According to Tyler Dunne of the Buffalo News, the Bills linebacker declined comment through a team spokesman about the bizarre catfishing story which has landed his name in the headlines again.
As we noted this morning, Enemkpali was named in a 2011 report saying he — maybe you should catch your breath here — punched a man he thought was a woman he had arranged to have sex with who now happens to be a pastor in Louisiana, allegedly breaking out two of his teeth before the imposter named “Missy Lee” tried to extort him out of $1,000.
Yeah, that’s what we thought too.
So yes, this story is lewd, lascivious, salacious, and outrageous. And it’s embarrassing for a kid who has enough to worry about without it.
At the same time, it’s at least the third time he is documented to have punched someone (along with an off-duty cop and former Jets teammate Geno Smith), which ought to be a concern for the league and perhaps the Bills beyond the prurient details of this particular story.
The new substance-abuse policy dramatically reduced the punishment for players who test positive for banned compounds like marijuana. Which means that more violations of the policy are now required to trigger a four-game suspension.
For Steelers receiver Martavis Bryant, the proposed four-game suspension means that the league believes he has violated the policy a second time while in Stage Two of the three-stage program.
Given the changes to the policy, the Steelers should be alarmed that Bryant already is facing a four-game suspension. It means that, only 16 months after he was drafted, he has failed to choose football over a banned substance on multiple occasions.
If he continues to not choose football over one or more banned substances, he eventually will face a 10-game suspension and, after that, a minimum suspension of one year.
The good news for the Steelers and Bryant is that, under the substance-abuse policy that was in place when Bryant joined the team, he possibly would be facing a one-year suspension now. The better news is that the new substance-abuse policy removes from Commissioner Roger Goodell or his designee final say over the punishment, with neutral arbitration available for Bryant to present any arguments he may have in support of the position that he didn’t violate the policy, this time.
Still, if he loses, Bryant could eventually be facing a one-year suspension — with a requirement to pass up to 10 tests per months in order to get reinstated.
Several teams have found themselves changing plans this preseason after seeing a key player go down with a season-ending injury and the growing number of such injuries have some people wondering if those injuries have become more prevalent.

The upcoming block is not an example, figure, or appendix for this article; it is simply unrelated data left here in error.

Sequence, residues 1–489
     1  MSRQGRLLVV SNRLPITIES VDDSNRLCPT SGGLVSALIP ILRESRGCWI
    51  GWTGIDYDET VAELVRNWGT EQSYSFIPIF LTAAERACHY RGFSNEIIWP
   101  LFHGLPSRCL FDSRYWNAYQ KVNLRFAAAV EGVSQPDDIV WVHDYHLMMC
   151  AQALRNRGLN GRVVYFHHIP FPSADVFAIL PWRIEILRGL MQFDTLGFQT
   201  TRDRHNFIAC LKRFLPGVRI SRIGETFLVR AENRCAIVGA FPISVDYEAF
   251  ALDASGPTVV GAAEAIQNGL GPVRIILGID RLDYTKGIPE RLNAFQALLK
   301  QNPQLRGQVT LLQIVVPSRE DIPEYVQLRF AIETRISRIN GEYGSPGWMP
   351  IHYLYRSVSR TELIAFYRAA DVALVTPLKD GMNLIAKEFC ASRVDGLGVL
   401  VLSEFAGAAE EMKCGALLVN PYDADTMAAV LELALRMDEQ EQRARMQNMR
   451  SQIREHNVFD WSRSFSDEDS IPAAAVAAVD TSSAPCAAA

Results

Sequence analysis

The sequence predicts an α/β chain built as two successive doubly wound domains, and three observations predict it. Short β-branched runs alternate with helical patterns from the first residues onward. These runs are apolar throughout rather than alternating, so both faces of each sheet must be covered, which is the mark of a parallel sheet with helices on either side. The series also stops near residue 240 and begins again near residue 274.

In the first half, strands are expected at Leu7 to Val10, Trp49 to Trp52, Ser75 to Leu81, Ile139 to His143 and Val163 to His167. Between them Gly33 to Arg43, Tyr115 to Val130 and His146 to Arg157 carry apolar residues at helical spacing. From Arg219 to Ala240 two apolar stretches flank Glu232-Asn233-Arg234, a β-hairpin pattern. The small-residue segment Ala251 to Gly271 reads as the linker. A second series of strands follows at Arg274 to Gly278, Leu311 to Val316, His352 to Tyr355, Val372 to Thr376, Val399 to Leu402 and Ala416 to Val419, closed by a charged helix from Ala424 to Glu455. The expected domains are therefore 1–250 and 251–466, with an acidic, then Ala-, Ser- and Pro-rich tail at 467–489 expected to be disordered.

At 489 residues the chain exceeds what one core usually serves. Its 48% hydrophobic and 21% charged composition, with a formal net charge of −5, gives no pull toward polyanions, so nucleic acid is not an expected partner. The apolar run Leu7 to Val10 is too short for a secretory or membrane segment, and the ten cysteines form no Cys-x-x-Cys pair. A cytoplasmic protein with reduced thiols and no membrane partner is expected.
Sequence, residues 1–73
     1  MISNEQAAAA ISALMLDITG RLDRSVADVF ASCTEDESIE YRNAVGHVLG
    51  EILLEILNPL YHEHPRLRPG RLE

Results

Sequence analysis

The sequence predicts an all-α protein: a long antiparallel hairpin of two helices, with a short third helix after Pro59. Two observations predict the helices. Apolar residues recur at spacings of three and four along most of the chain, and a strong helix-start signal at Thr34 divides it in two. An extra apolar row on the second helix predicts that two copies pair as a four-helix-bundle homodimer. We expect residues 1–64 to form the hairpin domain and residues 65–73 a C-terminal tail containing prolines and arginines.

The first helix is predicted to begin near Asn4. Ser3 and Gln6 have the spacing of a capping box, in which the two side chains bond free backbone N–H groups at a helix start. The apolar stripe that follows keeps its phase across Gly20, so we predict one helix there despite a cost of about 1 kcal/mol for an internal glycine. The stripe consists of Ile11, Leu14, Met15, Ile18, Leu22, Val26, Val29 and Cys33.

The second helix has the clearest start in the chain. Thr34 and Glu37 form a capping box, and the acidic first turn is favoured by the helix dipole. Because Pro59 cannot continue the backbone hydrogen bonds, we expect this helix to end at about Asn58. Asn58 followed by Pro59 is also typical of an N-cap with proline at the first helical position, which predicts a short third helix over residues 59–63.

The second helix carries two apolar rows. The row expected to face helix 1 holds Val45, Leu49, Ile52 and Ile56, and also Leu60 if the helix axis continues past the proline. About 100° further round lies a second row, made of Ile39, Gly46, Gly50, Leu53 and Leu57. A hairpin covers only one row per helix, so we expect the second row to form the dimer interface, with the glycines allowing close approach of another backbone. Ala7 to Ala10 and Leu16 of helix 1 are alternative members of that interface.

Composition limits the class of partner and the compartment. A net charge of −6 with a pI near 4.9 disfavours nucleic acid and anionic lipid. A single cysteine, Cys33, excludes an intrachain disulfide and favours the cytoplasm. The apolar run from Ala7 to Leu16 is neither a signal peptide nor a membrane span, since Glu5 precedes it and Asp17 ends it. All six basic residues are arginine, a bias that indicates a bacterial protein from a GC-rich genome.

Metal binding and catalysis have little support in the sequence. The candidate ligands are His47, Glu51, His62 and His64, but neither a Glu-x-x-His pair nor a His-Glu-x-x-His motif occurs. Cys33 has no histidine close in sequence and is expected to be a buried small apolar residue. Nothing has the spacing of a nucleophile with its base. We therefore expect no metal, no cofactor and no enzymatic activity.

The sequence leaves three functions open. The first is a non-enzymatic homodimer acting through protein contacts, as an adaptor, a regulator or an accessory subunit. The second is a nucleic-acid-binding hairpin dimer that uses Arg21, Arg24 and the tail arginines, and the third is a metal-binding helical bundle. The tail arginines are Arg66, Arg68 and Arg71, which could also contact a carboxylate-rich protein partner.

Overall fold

Both the NFL and the NFL Players Association say that they haven’t. The loss of players like Jordy Nelson, Kelvin Benjamin, Orlando Scandrick, Ryan Clady and Junior Galette may leave teams shorthanded, but both the league and the union told Mark Maske of the Washington Post that there’s nothing unusual about the number of severe injuries to this point in the season.
“As a physician, your heart goes out to these guys,” NFLPA medical director Thom Mayer said. “You feel so bad for them. These guys put so much into this and it’s such a letdown for them, for their teams, for the fans. [But] as a research scientist, you have to say, ‘Let’s look at this over time.’ Statistically it doesn’t look like it’s a trend. Unless it continues at this pace for some time, it doesn’t look like anything out of the norm. But for each of these guys individually, it’s 100 percent of their experience. It’s a setback professionally and it’s very difficult personally.”
There have been coaches and others around the league that have shared their opinion that reductions in the number of practices and amount of hitting in those practices in the 2011 CBA have left players more vulnerable to injuries. Others argue that the league’s crackdown on high hits has left players at greater risk to knee injuries, but, per the league’s injury data, the number of ACL and MCL injuries has remained fairly steady in the last few years and, as we saw with Nelson and other players, many torn ACLs are non-contact injuries.
It’s still a subject that the league, union and teams should explore in order to make the game as safe as possible, but the end result may still be that playing football carries an inherent risk of injury that can’t be totally eliminated.